Some 450 ideas have been chosen as official WDC2014 projects and events that encapsulate the Mother City’s winning slogan ‘live design, transform lives’, including urban regeneration schemes for the poorest suburbs and improved public transport with the expansion of the MyCiTi bus rapid transit system (www.myciti.org.za). Events are scheduled throughout 2014 with the details of some still to be confirmed. Below is our pick of the current schedule, plus some additional reasons why Cape Town is already a world-ranking design diva.Wall paint Cape Town by tsn92. CC BY 2.0
Design Indaba (www.designindaba.com/events/design-indaba-expo-2014), from 26 February to 2 March, is a lynchpin of the southern African creative community. This convention and product showcase is a chance to gain an insight into local design talent. This year it has some company in the form of the Guild International Design Fair (27 February to 9 March) organised by South African designers Trevyn and Julian McGowan, who promote African design through Southern Guild (www.southernguild.co.za).
Well over a million Capetonians live in townships, formerly segregated suburbs dating from the apartheid era. They may be among South Africa’s poorest areas, but a quick look around reveals how ingenious the residents can be with design, for example in the form of hand-painted signs or homes constructed from scrap. Several of these shack homes will blossom into art galleries during the Maboneng Township Arts Experience (www.maboneng.com), which is scheduled for the township of Imizamo Yethu in February and March and Gugulethu in October and November.
Throughout the year also keep an eye out around the city for bright arches of colour. The City of Rainbows Public Art Project takes its cue from South Africa’s rainbow nation and builds on existing public art works such as It’s Beautiful Here, by Capetonian designer Heath Nash, a focus of the Prestwich Memorial Garden.Sea Point promenade dragonfly art by André-Pierre du Plessis. CC BY 2.0
Skateboard performance, roving gospel choirs and giant Scrabble pieces have all been part of the adventurous past programming for Infecting the City (www.infectingthecity.com). Running from 11 to 15 March, the line up for this boundary-pushing, performing arts festival has yet to be finalised but venues will include Cape Town’s central squares and public spaces, museums and theatres, and many events are free.
The property developers behind the Cinderella transformation of the Old Biscuit Mill into a local design and crafts hub – now including the Cape Town Creative Academy (www.ctca.co.za) – have transformed another once industrial space. Woodstock Exchange (www.facebook.com/TheWoodstockExchange) houses scores of creative businesses such as the design emporium Africandy (www.africandy.com), leather goods maker Dark Horse (dark-horse.co.za) and Honest Chocolate (www.honestchocolate.co.za), producers of delicious chocolate wrapped up in local art.Honest Chocolate by Saaleha Bamjee. CC BY-SA 2.0
For introductions to creative Capetonians across a range of disciplines, including music, fashion and art, the go-to guys are Coffeebeans Routes (coffeebeansroutes.com). The tour company is expert at showcasing the Mother City’s diversity through personal stories and connections. Selected as a WDC2014 project is their idea for the Cape Town Story Market, an easy-to-use, portable set up to collect and digitally broadcast citizens' stories.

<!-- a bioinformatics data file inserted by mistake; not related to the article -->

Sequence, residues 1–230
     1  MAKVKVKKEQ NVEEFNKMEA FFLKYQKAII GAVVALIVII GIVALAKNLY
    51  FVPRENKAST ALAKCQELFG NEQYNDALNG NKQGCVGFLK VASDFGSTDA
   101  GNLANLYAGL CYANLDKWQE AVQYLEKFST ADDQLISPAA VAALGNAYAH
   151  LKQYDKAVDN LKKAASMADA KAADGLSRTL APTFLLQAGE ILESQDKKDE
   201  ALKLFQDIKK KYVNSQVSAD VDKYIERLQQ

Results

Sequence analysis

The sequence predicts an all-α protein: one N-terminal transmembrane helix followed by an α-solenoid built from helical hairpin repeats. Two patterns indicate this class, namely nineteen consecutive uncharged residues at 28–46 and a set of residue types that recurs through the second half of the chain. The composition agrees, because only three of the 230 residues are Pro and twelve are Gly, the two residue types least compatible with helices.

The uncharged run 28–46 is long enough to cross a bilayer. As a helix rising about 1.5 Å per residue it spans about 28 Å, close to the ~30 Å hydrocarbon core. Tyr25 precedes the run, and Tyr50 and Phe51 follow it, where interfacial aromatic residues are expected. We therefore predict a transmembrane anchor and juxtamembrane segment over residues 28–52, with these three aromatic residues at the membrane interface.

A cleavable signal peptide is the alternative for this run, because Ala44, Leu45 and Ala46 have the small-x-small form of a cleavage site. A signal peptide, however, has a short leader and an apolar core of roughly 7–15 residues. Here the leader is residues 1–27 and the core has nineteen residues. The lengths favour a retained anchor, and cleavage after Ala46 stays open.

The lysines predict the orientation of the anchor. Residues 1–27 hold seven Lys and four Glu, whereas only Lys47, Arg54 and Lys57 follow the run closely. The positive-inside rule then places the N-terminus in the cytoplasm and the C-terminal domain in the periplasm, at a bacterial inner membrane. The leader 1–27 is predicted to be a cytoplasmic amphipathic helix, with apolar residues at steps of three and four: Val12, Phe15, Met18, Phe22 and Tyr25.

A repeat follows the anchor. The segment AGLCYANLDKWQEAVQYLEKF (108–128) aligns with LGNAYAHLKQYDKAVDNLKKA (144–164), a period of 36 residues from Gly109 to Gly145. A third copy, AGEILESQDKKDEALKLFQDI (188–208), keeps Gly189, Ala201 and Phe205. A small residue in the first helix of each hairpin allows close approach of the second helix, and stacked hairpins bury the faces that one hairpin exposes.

Among the communities scattered around the Cape Peninsula, Muizenberg stands out for its bohemian, creative residents. In October, the suburb will host the Muizenberg Festival (www.facebook.com/MuizenbergFestival2014), with a focus on social, cultural, ecological and economical themes. Before then, check out Alive Café (alivecafe.co.za), a cafe that doubles as an artistic studio, theatre and live music venue – the Made in Muizenberg product market was held here in December 2013.Victorian-era beach huts, Muizenberg, South Africa, by Paul Mannix. CC BY 2.0
From January through to March head to the Silo Precinct at the V&A Waterfront to view an exhibition showcasing projects that focus on sustainability, such as Too Good to Waste (toogoodtowaste.co.za), a co-op of artists who use recycled materials for their works. In February, the V&A Waterfront will also announce the architect for the Zeitz Museum of Contemporary Art Africa (Zeitz MOCAA), a major new cultural storehouse set to open in 2016.
Urban gardens and farms
Providing a link to the very reason Cape Town was established in 1652 is a project to recreate a vegetable garden in the historic Company’s Gardens. Also planned is an interactive online map pinpointing all the urban gardens and veggie patches in the Mother City and surrounds, such as the Orangezicht City Farm (www.ozcf.co.za), which hosts a farmers market on Saturdays and Wednesdays.
Building on the success of the city’s gaggle of artisan food and goods markets is the Cape Town Street Food Festival (capetownstreetfoodfestival.withtank.com). On Friday 21 March the associated food conference and workshops will end in a street feast that’s a ticketed event; on Saturday 22 March the festival is free to all in De Waal Park.
Project X 2014 (PharoX)
Although yet to secure funding, Project X 2014 (www.projectx2014.co.za), also known as PharoX, could turn out to be one of the most impressive and visually striking WDC2014 events. Award-winning artist Christopher Swift and architect Mokena Makeka have designed a giant star tetrahedron, to be constructed from recycled fencing from Robben Island, that will rest at the summit of Signal Hill on a plinth made from shipping containers. It will be illuminated by thousands of energy-efficient light bulbs that at the end of the project will be redistributed free to township dwellers.
Simon Richmond is a long-time Lonely Planet author and photographer who tweets at @simonrichmond.